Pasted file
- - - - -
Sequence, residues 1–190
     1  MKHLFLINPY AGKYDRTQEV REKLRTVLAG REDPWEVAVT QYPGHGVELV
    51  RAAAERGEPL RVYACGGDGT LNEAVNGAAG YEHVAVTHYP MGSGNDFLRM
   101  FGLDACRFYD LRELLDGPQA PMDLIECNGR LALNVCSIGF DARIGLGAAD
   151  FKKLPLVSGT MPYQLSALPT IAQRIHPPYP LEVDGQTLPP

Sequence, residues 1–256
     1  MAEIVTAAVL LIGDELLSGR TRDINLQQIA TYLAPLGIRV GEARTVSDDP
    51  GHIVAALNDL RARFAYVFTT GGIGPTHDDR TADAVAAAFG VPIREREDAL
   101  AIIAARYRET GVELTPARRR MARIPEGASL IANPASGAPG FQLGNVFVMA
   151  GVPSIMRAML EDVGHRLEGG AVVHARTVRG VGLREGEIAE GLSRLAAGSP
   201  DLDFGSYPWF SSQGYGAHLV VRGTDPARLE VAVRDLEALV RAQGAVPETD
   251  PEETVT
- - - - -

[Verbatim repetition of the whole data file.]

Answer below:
Sequence, residues 1–190
     1  MKHLFLINPY AGKYDRTQEV REKLRTVLAG REDPWEVAVT QYPGHGVELV
    51  RAAAERGEPL RVYACGGDGT LNEAVNGAAG YEHVAVTHYP MGSGNDFLRM
   101  FGLDACRFYD LRELLDGPQA PMDLIECNGR LALNVCSIGF DARIGLGAAD
   151  FKKLPLVSGT MPYQLSALPT IAQRIHPPYP LEVDGQTLPP

Sequence, residues 1–256
     1  MAEIVTAAVL LIGDELLSGR TRDINLQQIA TYLAPLGIRV GEARTVSDDP
    51  GHIVAALNDL RARFAYVFTT GGIGPTHDDR TADAVAAAFG VPIREREDAL
   101  AIIAARYRET GVELTPARRR MARIPEGASL IANPASGAPG FQLGNVFVMA
   151  GVPSIMRAML EDVGHRLEGG AVVHARTVRG VGLREGEIAE GLSRLAAGSP
   201  DLDFGSYPWF SSQGYGAHLV VRGTDPARLE VAVRDLEALV RAQGAVPETD
   251  PEETVT